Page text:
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Rolex Rankings Movers of the Year 2013 - Part 2

While we wait for the LPGA to return from a two week break, it gives us some time to step back and discuss some of the other things going on in the golf world. For some interesting news on Lydia Ko, I suggest you check out Ruthless Golf, and for a preview of this weekend's JLPGA tournament I would check out Mostly Harmless.

 Now that we have completed about 3/4 of the LPGA season, I would like to look at the players that have made the biggest leaps, and taken the biggest falls in the Rolex Rankings this year.

The Rolex Rankings system awards points to players based on an accumulated 104-week "rolling" period, with the points awarded in the most recent 13-week period carrying a stronger value.
A player is then ranked according to her average points per tournament, as determined by dividing her total number of points by the number of eligible tournaments played during the 104-week period. A minimum divisor (35) is also used.

I have gone back to the first Rolex Rankings of the year and compared them to the current rankings. The only requirement for my list is that a player must have been ranked in the top 100 at the start of the year, or be in the top 100 now. 


The Year's Biggest Gainers:
1- Lydia Ko - 2.40 to 7.41 = Gain of 5.01 (moved from #43 to #5)
2- Inbee Park - 8.03 to 12.53 = Gain of 4.50 (move 4 to 1)
3- Suzann Pettersen - 7.04 to 10.72 = Gain of 3.68 (move 6 to 2)
4- Lizette Salas - 1.47 to 4.74 = Gain of 3.27 (move 89 to 14)
5- Ariya Jutanugarn - 0.54 to 3.52 = Gain of 2.98 (move 236 to 23)
6- Beatriz Recari - 1.89 to 4.19 = Gain of 2.30 (move 57 to 18)
7- Hee Young Park - 2.62 to 4.44 = Gain of 1.82 (move 37 to 17)
8- Mamiko Higa - 0.68 to 2.34 = Gain of 1.66 (move 195 to 47)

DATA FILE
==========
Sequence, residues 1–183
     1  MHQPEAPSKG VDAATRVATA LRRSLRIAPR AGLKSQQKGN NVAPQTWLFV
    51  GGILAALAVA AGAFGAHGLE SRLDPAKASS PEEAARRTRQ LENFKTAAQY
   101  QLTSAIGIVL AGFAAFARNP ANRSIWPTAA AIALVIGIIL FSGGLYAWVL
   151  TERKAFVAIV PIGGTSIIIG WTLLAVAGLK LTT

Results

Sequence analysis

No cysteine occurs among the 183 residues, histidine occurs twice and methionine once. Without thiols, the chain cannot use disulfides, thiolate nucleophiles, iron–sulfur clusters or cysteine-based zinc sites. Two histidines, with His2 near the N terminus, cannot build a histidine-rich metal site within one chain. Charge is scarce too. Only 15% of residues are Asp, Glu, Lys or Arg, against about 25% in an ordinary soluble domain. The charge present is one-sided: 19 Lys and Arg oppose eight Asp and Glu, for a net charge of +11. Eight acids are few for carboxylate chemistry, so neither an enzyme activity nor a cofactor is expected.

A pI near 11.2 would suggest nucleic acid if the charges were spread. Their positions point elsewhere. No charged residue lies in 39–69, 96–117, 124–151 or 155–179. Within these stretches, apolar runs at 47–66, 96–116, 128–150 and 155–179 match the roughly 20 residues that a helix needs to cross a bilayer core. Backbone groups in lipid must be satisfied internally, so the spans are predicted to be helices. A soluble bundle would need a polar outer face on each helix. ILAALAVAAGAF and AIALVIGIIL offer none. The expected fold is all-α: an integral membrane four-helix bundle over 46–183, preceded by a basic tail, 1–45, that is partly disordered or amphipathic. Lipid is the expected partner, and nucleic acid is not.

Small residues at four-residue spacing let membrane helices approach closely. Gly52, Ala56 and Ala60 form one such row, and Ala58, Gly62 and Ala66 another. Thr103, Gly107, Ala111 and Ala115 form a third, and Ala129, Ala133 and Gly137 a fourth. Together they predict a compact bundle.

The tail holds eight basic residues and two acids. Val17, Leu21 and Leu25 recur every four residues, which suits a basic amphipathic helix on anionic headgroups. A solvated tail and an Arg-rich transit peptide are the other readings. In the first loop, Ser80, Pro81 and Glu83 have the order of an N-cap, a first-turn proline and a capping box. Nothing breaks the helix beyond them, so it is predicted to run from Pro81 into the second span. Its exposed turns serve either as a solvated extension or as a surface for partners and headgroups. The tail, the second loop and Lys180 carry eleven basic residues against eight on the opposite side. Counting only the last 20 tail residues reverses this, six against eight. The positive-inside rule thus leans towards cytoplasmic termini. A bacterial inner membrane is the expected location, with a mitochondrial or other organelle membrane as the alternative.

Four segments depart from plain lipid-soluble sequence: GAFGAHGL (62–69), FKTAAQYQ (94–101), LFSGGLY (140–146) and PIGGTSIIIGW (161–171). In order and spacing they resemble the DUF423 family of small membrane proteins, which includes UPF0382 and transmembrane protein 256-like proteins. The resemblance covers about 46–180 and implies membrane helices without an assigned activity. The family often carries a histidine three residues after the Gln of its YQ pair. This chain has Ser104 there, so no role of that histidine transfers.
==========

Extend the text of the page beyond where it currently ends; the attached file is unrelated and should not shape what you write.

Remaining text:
9- Jessica Korda - 1.61 to 3.22 = Gain of 1.61 (move 78 to 27)
10- Sei Young Kim - 0.70 to 2.25 = Gain of 1.55 (move 189 to 51)
11- Jodi Ewart Shadoff - 1.00 to 2.48 = Gain of 1.48 (move 137 to 42)
12- Stacy Lewis -8.39 to 9.85 = Gain of 1.46 (move 3 to 3)
13- I.K. Kim - 4.28 to 5.64 = Gain of 1.36 (move 22 to 9)
14- Karrie Webb - 4.88 to 6.11 = Gain of 1.23 (move 17 to 7)
15- Ilhee Lee - 1.52 to 2.67 = Gain of 1.15 (move 84 to 37)

The Year's Biggest Decliners:
1- Yani Tseng - 10.58 to 4.19 = Loss of 6.39 (moved from #1 to #19)
2- Chie Arimura - 4.53 to 2.39 = Loss of 2.14 (move 20 to 46)
3- Ji-Hee Lee - 3.79 to 1.76 = Loss of 2.03 (move 25 to 65)
4- Azahara Munoz - 4.98 to 2.96 = Loss of 2.02 (move 16 to 32)
5- Sun Ju Ahn - 5.15 to 3.24 = Loss of 1.91 (move 13 to 26)
6- Amy Yang - 5.01 to 3.20 = Loss of 1.81 (move 15 to 28)
7- Brittany Lincicome - 4.60 to 2.80 = Loss of 1.80 (move 18 to 34)
8- Ai Miyazato - 6.54 to 4.75 = Loss of 1.79 (move 9 to 15)
9- Mika Miyazato - 5.80 to 4.15 = Loss of 1.65 (move 10 to 20)
10- Na Yeon Choi - 9.08 to 7.45 = Loss of 1.63 (move 2 to 4)
11- Shanshan Feng - 7.27 to 5.67 = Loss of 1.60 (move 5 to 8)
12- Jiyai Shin - 6.63 to 5.10 = Loss of 1.53 (move 8 to 13)
13- Sun Young Yoo - 4.08 to 2.57 = Loss of 1.51 (move 23 to 40)
14- Brittany Lang - 3.51 to 2.13 = Loss of 1.38 (move 29 to 54)
15- Mi-Jeong Jeon 4.34 to 3.10 = Loss of 1.24 (move 21 to 30)

Note: Lydia Ko has played in just 23 tournaments over the 104 week period. As stated above, her points are divided by a minimum of 35 appearances (259.43 points divided by 35 = her 7.41 score). If the 35 minimum rule wasn't used and her points were divided by her actual 23 appearances (259.43 divided by 23 = 11.28), she would be ranked #2 in the world. 





Comments

  1. Very interesting, Tony. What can be said of the women's game that sums it up? I have no idea. Is this the big reset? Is it the changing of the guard, in parts? Search me, stay tuned I guess.

    ReplyDelete
  2. Thanks for sharing this Tony! Lydia Ko being in the top list seems to be unfair result for some but I think, this is just a consistent ranking.

    ReplyDelete
  3. Most awards are stacked against our American players, so i don't put much stock in anything the LPGA or Rolex says about the quality of the players. When the playing field is level then I will respect their logic. A good example is the rookie of the year award. How is it fair that Asian players can play professional golf for years until their at the top of their game, then come here and win rookie of the year and walk away with a cool million bucks. At the same time our young players coming out of HS or college have to compete with these seasoned players for the rookie of the year award. Once you play professionally, you should never be given a chance at the rookie of the year award. The other example is the Rolex rankings. Only Rolex knows the formula for ranking players, so they can move people at their will, regardless of how they are playing. Add these two to the comedy crew of the Golf Channel, and you have a three way loser. These items hurt the fan base more than anything else.

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